Factors predicting the outcome following treatment for lumbar spondylolysis

Debnath, Ujjwal Kanti (2010) Factors predicting the outcome following treatment for lumbar spondylolysis. DM thesis, University of Nottingham.

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Abstract

Abstract of Study 1

Study design

A non –randomised continuous retrospective cross sectional and observational study

Objective

1) To evaluate the results of nonoperative treatment of symptomatic lumbar pars stress injuries or spondylolysis in sporting as well as non sporting individuals

2) To determine the factors responsible for non-operative method of managing symptomatic lumbar spondylolysis in young population

3) To evaluate the outcome in different types of sports

4) To establish the role of compulsory non-operative treatment for symptomatic lumbar spondylolysis in sporting individuals

Summary of Background Data

The treatment and management of symptomatic spondylolysis in sporting populations is mainly based on observation rather than experimental study. Conservative treatment in the form of bracing and avoidance of sports for at least three to six months has been recommended. Excellent or good results following bracing and physical therapy have been observed in 80% patients. Criteria for return to sport are dominated by symptom led decisions.

Methods

The research was carried out as a qualitative, descriptive and analytic study with a non-randomised cohort of patients investigated for spondylolysis in a single centre. A total number of 123 patients treated conservatively following confirmation by imaging studies (SPECT,CT or MRI scans) as having stress fractures of the lumbar pars interarticularis (PI) ranging in age from 8 to 35 years have been selected for the study. All patients attending the Back pain clinic has to follow a protocol of filling up the VAS, ODI and SF-36 questionnaires as a part of their assessment. At the time of the study these questionnaires along with the Back Pain & Sports Questionnaire (BPSQ) were sent to all but only 123 patients responded who were included in the study 1. The background data contains gender, age, date of onset of symptoms with current limitation in sport, pain in flexion or extension, type of sport, level of sport and length of treatment. The data also contains each subject with level, number, laterality and distribution of lumbar spondylolysis, investigations, outcome with VAS, ODI, SF-36 and Back pain and sports questionnaire (BPSQ) and return to sports. We classified the individual sports into seven types depending on the major movements of the body. Descriptive and analytical statistics was performed along with correlation testing between the outcome measures and predictive factors.

Results

The mean age of onset of back pain was 21.7 years (range 8-35 years). Most patients were between the ages of 15&19 years (43) followed by 20&24 years (32). The Male: Female ratio was 74:49. There were 98/123 (76.9%) sporting individuals. 35/98 (35%) were professional players, 29/98 (29.5%) were semi professional and 34/98 (34.6%) were amateur sportsmen and women. Cricket (22) followed by Football (22) were the most common type of sports played. Trunk twisting movement was the common denominator in most of the patients with pars defect. The cricketers (13) with unilateral pars defect had more commonly left sided pars defect than the right (10 left vs 3 right). Right sided pars defect was more commonly observed in soccer players (7:1). Most incomplete fractures were observed at L4 in the cricketers. The non sporting group had consulted with a delay of more than six months since the onset of pain. 60% pars lesion was observed at L5 followed by L4 (11.3%), L3 (9.7%) and L2 (2.4%). At L5 most were bilateral lesions (81%). Spina bifida was recorded in 16% patients.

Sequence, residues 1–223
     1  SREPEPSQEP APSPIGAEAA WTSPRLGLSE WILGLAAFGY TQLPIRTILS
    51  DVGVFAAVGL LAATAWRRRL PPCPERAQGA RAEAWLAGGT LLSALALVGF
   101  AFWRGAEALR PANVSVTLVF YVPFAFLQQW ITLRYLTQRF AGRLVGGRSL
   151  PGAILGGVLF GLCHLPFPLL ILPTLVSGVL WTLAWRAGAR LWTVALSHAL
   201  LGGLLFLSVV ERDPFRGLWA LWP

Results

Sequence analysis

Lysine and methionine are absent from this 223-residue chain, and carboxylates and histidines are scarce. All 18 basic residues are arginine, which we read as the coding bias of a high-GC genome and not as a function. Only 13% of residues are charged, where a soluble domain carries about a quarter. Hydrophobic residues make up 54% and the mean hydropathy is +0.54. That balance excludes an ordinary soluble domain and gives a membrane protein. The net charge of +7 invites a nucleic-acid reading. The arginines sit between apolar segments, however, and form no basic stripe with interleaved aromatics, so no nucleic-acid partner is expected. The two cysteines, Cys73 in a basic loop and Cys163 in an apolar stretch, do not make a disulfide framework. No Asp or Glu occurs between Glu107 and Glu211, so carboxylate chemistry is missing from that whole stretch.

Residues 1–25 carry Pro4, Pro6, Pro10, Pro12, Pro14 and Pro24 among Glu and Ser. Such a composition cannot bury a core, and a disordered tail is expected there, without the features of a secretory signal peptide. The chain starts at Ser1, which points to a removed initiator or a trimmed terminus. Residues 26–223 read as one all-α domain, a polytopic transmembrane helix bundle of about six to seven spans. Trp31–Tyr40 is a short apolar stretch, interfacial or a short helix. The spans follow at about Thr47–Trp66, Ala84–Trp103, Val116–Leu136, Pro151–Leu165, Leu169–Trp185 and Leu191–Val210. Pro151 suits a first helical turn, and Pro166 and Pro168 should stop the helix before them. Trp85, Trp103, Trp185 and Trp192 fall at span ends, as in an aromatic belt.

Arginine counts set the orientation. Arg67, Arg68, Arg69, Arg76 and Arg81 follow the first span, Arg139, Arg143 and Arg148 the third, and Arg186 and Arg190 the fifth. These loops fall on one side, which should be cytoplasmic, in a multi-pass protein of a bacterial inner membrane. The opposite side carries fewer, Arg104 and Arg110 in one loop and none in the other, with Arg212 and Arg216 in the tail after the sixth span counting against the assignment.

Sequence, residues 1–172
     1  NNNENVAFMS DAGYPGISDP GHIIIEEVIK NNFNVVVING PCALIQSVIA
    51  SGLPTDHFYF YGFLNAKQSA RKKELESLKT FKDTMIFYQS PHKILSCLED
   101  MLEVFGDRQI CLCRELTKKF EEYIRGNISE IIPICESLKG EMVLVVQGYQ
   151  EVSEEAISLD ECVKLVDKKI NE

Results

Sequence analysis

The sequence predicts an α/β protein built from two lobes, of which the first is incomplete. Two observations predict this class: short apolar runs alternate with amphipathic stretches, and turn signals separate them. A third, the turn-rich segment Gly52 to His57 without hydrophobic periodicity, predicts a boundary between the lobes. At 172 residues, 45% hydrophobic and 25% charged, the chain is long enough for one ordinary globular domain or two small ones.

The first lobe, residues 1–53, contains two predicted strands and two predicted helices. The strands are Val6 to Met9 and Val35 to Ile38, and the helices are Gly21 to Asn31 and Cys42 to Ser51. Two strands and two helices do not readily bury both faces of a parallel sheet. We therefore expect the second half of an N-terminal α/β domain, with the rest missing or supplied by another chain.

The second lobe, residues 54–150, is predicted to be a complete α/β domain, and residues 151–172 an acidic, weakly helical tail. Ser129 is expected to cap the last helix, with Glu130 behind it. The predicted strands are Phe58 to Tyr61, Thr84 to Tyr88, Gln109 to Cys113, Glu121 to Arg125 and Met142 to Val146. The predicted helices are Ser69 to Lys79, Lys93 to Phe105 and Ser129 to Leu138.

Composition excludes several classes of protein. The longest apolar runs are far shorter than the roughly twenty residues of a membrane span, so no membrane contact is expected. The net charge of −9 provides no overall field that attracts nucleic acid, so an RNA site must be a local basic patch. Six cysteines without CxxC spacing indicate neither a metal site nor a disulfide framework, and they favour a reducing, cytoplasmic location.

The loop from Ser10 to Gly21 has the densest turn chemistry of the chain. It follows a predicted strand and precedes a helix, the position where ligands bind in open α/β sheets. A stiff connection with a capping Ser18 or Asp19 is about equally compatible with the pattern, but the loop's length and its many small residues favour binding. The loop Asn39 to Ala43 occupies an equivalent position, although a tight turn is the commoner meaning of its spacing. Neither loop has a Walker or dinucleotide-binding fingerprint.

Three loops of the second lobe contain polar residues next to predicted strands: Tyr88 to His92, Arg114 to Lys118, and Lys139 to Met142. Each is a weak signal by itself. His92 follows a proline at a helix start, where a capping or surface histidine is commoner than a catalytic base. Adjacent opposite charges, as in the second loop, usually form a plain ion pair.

The mean pre and post treatment VAS score was 4.5 and 0.65 respectively (SD- 0.8,p<0.01). The mean pre and post treatment ODI was 35.5 (SD-7.8) and 6.9 (SD- 7.6) respectively (p<0.01). In the SF-36 scores, the mean score for the physical component of health improved from 34.9 (SD – 5.3) to 49.3 (SD -6.6) (p< 0.001). The mean score for the mental component of health improved from 40.2 (SD -5.2) to 52.0 (SD-6.0) (p<0.001). The mean BPSQ score was 52.5 (range 0-90). The mean pretreatment and post-treatment VAS and ODI scores were slightly better in males as compared to females.

In the unilateral group, 28/36 (77%) patients had complete relief of pain by a mean time of 4.2 months (range 3-7 months). In the bilateral group, 47/59 (79%) patients had complete pain relief at a mean time of 6.5 months (3-12 months). In the unilateral pars defect group, 32/36 sporting individuals returned to active sports. In the bilateral pars defect group, 49/59 sporting individuals returned to active sports. There was significant difference between the sporting and the non-sporting group in their age (mean 20.7 vs 25.4 years, p <0.001). There was significant difference between the two groups in all pre and post treatment outcome scores. The pre treatment VAS score had most significant correlation with post treatment ODI ( =0.634, p <0.01) and post treatment VAS scores ( =0.626, p<0.01).

Conclusion

A treatment protocol of rest for 4-6 weeks followed by the functional restorative program has excellent or good outcome in 85% sporting individuals with symptomatic pars defect. Male sporting individuals have better outcome than females. Unilateral pars lesions have a better outcome than bilateral pars lesions. Bracing may not be required in most patients if the pain subsides on restriction of activity. Full functional recovery to previous level of activity is possible with the help of dynamic spinal stabilization exercises and physical therapy. The individuals involved in trunk twisting sports should be evaluated carefully for muscle imbalance in the lumbar spine and they should have altered techniques of sporting activity without compromising the performance in the rehabilitation phase.

Abstract of Study 2

Study Design

A non –randomised continuous retrospective observational study

Objective

1) To identify the most significant determinant of surgical intervention in lumbar pars defect

2) To identify the independent factors that predict a successful outcome following surgery for lumbar pars defect in young sporting individuals

3) Can we establish an outcome predictive model based on these significant factors responsible for a successful outcome?

Summary of Background Data

Most athletes or young active professional sportsmen or women would like to return to their previous level of sports since they may be earning their livelihood through the sport. Early onset of symptoms and conservative treatment in these patients may lead to a good clinical outcome but it is difficult to predict which group or which individuals will require surgical repair of the defect. Young athletes to have returned to competitive sports after surgery have been reported only in few previous papers. The first cohort from this series was published in 2003. ODI (Oswestry Disability Index) and SF-36 (Short form) scores were used to evaluate the final outcome for the first time in lumbar spondyloysis for outcome analysis.